Compelling reading, esp the first few chapters, on the dilemmas and challenges doctors face every day.
  • (5/5)
    I loved this book. My husband, who is a med student, didn't care for the first half and had me skip over it. I got so into the second half that I went back and started reading again from the beginning. The first half was great too, I don't know why I took his advice.It was really interesting to read about the real cases and patients that Gawande has encountered over his career and to learn about them from a doctor's point of view. The general population thinks little about what goes into becoming a surgeon and we put our lives in other people's hands all the time just trusting that they are not having a bad day or are right about their gut instincts. It was scary to read and also thrilling. A must read for anyone in or out of the medical profession.
  • (5/5)
    5***** and a &#10084This National Book Award finalist REALLY makes you think! It opens your eyes to the imperfections in our system of medical care. Gawande is a surgical resident (when he wrote it), a thinker and a poet. He uses case histories to explore the thinking, the philosophy, of medicine. He speaks of mistakes and intuition, luck and skill, good outcomes despite bad treatement, and devastating outcomes despite excellent care. This should be required reading for all medical students and regularly re-read by all MDs.After I'd read it I couldn't stop talking about it, and convinced one of my F2F book clubs to read it in July 2005.
  • (4/5)
    This book reads like a memoir from any principal player from shows like "Untold Tales from the ER," "Medical Mysteries," or the fictional "ER."

    The book breezes along nicely, pausing long enough on the interesting parts and speeding through others to get to the salient information. Dr. Gawande calibrated that very well.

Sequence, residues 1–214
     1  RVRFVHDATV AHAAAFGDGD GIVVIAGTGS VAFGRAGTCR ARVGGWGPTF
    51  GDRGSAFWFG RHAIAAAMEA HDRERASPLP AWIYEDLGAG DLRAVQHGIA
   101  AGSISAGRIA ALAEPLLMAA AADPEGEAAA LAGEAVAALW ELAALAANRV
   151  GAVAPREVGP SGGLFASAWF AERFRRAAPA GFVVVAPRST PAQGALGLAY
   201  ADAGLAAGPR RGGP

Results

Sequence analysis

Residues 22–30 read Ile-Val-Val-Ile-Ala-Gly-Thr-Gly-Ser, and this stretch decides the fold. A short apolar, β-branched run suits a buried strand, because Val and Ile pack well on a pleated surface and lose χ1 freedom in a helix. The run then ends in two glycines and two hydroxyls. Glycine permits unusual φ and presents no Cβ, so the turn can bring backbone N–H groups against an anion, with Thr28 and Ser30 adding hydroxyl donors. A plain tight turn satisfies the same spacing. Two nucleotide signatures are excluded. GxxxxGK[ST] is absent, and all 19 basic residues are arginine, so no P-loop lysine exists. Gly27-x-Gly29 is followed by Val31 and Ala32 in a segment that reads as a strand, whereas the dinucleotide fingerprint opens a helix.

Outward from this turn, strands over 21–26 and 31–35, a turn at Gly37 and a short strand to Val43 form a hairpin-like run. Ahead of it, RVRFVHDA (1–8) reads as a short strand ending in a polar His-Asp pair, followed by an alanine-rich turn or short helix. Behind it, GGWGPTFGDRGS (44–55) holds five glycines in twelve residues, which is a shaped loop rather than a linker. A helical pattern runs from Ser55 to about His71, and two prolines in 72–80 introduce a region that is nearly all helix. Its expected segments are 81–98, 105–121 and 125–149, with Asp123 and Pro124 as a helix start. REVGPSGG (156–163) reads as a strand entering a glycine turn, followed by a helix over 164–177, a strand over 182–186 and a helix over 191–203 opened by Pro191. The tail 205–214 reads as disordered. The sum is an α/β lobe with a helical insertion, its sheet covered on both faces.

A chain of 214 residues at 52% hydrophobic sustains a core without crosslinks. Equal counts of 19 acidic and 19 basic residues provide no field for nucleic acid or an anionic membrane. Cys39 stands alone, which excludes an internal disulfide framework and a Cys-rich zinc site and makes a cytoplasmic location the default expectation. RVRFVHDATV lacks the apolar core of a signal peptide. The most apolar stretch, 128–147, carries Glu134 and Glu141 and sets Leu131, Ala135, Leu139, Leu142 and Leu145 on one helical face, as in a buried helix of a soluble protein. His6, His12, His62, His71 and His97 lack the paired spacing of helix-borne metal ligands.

Also on display is the clear passion of the author to his craft. The narrative is sprinkled with good humor, though it's evident he takes his work, and the writing of the book, seriously.

    Portrayed clearly is the very human side of medicine, which is important for patients to see.

    His summary is simple: We try so hard to help, sometimes we fail, sometimes we succeed, we are so human.
  • (5/5)
    A great book about the science and practice of medicine. Gawande, a surgeon, gives an insider's view of the medical profession, a profession that often appears hard-nosed, but is as beset with ambiguity, uncertainty, human judgements, customs, mistakes, and need for practice and learning as other ones. He is not without recommendations, though: Gawande details the benefits of computer-based diagnoses, specialization, the field of anesthesia's success in reducing human, latent errors by analyzing such errors systematically and comprehensively. Recommended.
  • (4/5)
    I'll knock off half a star because the three sections didn't really seem connected in any way, but each one was fascinating: an examination of how doctors learn and how uncomfortable that is, a description of things medical science just doesn't understand, and some explorations of the inherent uncertainties of dealing with a system as complex as the human body. (Actually, my problem is I wanted every one of those to be its own book.)